It allows to do a request with the Parameters encoded in the querystring (GET by default), or to do a request with the Parameters encoded as multipart (POST by default) depending on the encodeInQuery parameter.

The submitFormWithBinaryData method:

submitFormWithBinaryData(formData: List<PartData>, block: HttpRequestBuilder.() -> Unit = {}): T

It allows to generate a multipart POST request from a list of PartData. PartData can be PartData.FormItem, PartData.BinaryItem or PartData.FileItem.

To build a list of PartData, you can use the formData builder:

val data: List<PartData> = formData {
    // Can append: String, Number, ByteArray and Input.
    append("hello", "world")
    append("number", 10)
    append("ba", byteArrayOf(1, 2, 3, 4))
    append("input", inputStream.asInput())
    // Allow to set headers to the part:
    append("hello", "world", headersOf("X-My-Header" to "MyValue"))

Specifying custom headers

When building requests with HttpRequestBuilder, you can set custom headers. There is a final property val headers: HeadersBuilder that inherits from StringValuesBuilder. You can add or remove headers using it, or with the header convenience methods.

// this : HttpMessageBuilder

// Convenience method to add a header
header("My-Custom-Header", "HeaderValue")

// Calls methods from the headers: HeadersBuilder to manipulate the headers
headers.append("My-Custom-Header", "HeaderValue")
headers.appendAll("My-Custom-Header", listOf("HeaderValue1", "HeaderValue2"))

// Applies the headers with the `headers` convenience method
headers { // this: HeadersBuilder
    append("My-Custom-Header", "HeaderValue")
    appendAll("My-Custom-Header", listOf("HeaderValue1", "HeaderValue2"))

Specifying a body for requests

For POST and PUT requests, you can set the body property:<Unit> {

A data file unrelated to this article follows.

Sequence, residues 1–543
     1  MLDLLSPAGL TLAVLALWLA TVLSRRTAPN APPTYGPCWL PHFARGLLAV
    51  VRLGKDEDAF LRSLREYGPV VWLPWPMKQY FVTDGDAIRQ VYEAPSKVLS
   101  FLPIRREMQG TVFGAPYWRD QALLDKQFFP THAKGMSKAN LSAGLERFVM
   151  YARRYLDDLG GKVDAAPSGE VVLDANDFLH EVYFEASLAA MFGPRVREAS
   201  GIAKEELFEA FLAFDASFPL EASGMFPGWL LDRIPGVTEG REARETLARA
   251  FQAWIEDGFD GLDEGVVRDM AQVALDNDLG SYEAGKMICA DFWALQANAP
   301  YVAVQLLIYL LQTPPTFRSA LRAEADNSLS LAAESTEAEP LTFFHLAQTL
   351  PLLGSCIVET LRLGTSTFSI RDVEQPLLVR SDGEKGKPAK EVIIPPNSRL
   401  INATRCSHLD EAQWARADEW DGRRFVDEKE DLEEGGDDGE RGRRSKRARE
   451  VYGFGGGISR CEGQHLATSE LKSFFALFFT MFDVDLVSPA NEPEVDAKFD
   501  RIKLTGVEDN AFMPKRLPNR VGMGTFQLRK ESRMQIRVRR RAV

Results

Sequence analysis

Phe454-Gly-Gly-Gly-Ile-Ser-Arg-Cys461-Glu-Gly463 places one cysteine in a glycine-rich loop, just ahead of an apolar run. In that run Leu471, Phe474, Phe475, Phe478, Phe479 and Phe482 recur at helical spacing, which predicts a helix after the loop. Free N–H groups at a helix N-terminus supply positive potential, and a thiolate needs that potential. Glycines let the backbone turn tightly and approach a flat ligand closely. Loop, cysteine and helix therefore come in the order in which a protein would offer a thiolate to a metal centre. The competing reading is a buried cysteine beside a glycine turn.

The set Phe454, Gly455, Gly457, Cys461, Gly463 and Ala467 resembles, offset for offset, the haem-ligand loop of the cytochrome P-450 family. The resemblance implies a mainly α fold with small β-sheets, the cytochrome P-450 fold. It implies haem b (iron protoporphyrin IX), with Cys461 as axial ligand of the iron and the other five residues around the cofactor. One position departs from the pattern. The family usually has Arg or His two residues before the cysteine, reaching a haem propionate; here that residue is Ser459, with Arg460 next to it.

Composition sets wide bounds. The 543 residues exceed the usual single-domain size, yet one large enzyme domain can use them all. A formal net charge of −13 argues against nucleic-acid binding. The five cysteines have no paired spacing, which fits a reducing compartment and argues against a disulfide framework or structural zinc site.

body = // ...

The HttpRequestBuilder.body property can be a subtype of OutgoingContent as well as a String instance:

  • body = "HELLO WORLD!"
  • body = TextContent("HELLO WORLD!", ContentType.Text.Plain)
  • body = ByteArrayContent("HELLO WORLD!".toByteArray(Charsets.UTF_8))
  • body = LocalFileContent(File("build.gradle"))
  • body = JarFileContent(File("myjar.jar"), "test.txt", ContentType.fromFileExtension("txt").first())
  • body = URIFileContent(URL(""))

If you install the JsonFeature, and set the content type to application/json you can use arbitrary instances as the body, and they will be serialized as JSON:

data class HelloWorld(val hello: String)

val client = HttpClient(Apache) {
    install(JsonFeature) {
        serializer = GsonSerializer {
            // Configurable .GsonBuilder
}<Unit> {
    body = HelloWorld(hello = "world")

Alternatively (using the integrated JsonSerializer):

val json = io.ktor.client.features.json.defaultSerializer()<Unit>() {
    body = json.write(HelloWorld(hello = "world")) // Generates an OutgoingContent

Or using Jackson (JVM only):

val json = jacksonObjectMapper()<Unit> {
    body = TextContent(json.writeValueAsString(userData), contentType = ContentType.Application.Json)

Remember that your classes must be top-level to be recognized by Gson.
If you try to send a class that is inside a function, the feature will send a null.

Uploading multipart/form-data

Ktor HTTP Client has support for making MultiPart requests. The idea is to use the MultiPartFormDataContent(parts: List<PartData>) as OutgoingContent for the body of the request.

The easiest way is to use the submitFormWithBinaryData method.

Alternatively you can set the body directly:

val request = client.request {
    method = HttpMethod.Post
    body = FormDataContent(formData {
        append("key", "value")